Boerner Botanical Gardens

The Botanical Gardens, a highlight of Milwaukee County’s nationally-recognized PARK system, are a product of Depression-era labor. CHARLES WHITNALL, a long-time member of the County Park Commission, pushed for the acquisition of park land in the 1920s. He envisioned such space as an escape from urban life.[1] The gardens were built in the park named for Whitnall and designed by landscape architect Alfred Boerner.[2] Once the New Deal was launched, the Commission quickly put its long-term plans for park development into action and secured federal relief funds.[3] Workers in the Civilian Conservation Corps and the Works Progress Administration constructed the five original gardens.[4] Two years after Boerner’s death in 1955, the county board renamed the Gardens in his honor.[5]

Footnotes [+]

  1. ^ Harry H. Anderson, “Recreation, Entertainment, and Open Space: Park Traditions in Milwaukee County,” in Trading Post to Metropolis: Milwaukee County’s First 150 Years, ed. Ralph M. Aderman (Milwaukee: Milwaukee County Historical Society, 1987), 255-323.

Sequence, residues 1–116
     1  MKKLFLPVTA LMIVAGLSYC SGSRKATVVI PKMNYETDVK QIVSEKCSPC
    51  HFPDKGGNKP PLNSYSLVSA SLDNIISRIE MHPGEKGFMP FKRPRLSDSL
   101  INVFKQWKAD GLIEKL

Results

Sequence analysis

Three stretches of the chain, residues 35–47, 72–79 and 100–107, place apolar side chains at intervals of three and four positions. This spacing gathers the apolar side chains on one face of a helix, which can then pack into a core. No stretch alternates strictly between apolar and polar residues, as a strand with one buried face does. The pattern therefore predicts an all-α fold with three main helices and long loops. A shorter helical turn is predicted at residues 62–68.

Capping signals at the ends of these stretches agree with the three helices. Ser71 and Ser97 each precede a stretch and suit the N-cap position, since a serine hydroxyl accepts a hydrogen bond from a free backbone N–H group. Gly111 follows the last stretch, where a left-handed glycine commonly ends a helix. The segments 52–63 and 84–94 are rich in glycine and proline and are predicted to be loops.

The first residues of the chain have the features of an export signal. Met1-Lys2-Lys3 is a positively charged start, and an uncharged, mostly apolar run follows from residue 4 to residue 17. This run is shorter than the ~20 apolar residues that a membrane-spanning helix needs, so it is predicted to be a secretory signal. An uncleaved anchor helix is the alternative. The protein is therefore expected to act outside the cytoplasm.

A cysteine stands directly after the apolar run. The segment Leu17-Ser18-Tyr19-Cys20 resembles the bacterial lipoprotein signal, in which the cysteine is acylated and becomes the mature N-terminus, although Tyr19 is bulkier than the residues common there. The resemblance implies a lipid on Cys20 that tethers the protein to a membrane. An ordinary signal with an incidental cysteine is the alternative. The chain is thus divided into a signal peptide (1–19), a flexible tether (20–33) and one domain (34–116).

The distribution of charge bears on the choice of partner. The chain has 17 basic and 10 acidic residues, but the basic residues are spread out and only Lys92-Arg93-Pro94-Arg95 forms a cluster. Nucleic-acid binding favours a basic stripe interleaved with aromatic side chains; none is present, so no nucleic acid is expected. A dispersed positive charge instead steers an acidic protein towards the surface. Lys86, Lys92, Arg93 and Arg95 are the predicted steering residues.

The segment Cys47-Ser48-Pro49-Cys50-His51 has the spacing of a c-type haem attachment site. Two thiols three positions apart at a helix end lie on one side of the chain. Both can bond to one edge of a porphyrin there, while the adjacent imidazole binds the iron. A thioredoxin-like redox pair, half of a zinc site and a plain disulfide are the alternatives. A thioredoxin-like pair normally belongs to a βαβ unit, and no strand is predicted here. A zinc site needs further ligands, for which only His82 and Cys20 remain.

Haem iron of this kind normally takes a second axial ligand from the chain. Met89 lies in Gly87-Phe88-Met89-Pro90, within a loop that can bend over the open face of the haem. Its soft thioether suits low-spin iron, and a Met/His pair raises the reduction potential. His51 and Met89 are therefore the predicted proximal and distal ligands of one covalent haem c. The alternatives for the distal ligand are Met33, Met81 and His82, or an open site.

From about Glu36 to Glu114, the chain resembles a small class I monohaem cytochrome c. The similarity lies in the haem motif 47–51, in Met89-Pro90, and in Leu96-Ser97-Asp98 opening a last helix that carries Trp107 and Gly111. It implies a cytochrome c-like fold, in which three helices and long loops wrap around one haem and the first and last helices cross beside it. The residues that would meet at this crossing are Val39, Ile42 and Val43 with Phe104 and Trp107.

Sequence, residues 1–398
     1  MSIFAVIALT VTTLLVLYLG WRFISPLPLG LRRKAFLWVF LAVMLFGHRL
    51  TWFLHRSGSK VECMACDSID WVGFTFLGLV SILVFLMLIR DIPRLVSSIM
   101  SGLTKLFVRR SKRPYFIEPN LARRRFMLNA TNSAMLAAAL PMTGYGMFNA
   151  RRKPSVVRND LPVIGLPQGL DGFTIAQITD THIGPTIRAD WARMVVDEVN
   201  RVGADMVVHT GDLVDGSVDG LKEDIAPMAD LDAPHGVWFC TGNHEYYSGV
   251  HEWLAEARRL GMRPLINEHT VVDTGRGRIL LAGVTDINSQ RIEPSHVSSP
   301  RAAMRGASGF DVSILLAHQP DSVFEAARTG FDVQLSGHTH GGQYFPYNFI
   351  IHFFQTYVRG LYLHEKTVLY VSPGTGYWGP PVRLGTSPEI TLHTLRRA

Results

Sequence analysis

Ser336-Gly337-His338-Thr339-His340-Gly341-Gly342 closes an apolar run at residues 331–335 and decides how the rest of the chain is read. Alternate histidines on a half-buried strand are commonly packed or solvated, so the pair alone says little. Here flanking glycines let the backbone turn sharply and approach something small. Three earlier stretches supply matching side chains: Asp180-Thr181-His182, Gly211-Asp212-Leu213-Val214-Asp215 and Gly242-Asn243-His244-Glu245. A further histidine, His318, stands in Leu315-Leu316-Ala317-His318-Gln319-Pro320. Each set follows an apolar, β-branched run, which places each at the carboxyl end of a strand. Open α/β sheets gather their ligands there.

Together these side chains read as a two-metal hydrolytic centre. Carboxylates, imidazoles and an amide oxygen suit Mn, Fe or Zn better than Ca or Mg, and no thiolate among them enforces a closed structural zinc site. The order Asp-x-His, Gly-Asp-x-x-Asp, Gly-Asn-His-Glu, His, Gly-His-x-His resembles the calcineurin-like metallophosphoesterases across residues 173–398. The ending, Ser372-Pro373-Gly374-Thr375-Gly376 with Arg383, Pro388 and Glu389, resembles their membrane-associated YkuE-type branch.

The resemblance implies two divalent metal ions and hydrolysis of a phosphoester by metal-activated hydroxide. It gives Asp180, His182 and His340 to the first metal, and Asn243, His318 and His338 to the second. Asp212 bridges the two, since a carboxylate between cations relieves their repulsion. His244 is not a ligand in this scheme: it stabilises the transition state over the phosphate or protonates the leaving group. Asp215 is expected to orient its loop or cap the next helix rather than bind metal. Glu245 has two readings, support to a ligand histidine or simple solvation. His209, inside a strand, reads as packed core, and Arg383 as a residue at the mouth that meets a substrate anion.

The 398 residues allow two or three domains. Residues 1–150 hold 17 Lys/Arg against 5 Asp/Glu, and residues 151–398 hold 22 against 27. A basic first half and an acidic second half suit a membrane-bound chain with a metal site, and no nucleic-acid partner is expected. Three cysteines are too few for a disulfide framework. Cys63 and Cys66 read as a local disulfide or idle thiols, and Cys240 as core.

2. ^ Mary Alice Koehne, “A Spring of Flowers—Gardens Make Lots of Scents,” Milwaukee Journal Sentinel, May 26, 2002, p. 8.
  3. ^ Harry H. Anderson, “Recreation, Entertainment, and Open Space.”
  4. ^ Meg Jones, “They Planted Forests, Legacies of Depression-Era Workers Meet Young Counterparts,” Milwaukee Journal Sentinel, November 21, 2008, p. 1.
  5. ^ “Boerner, Wife of Park Official,” Milwaukee Journal Sentinel, August 4, 1995, p. 6.

For Further Reading

Anderson, Harry H. “Recreation, Entertainment, and Open Space: Park Traditions in Milwaukee County.” In Trading Post to Metropolis: Milwaukee County’s First 150 Years, edited by Ralph M. Aderman, 255-323. Milwaukee: Milwaukee County Historical Society, 1987.

Albano, Laurie Mench. Milwaukee County Parks. Charleston, SC: Arcadia Publishing, 2007.


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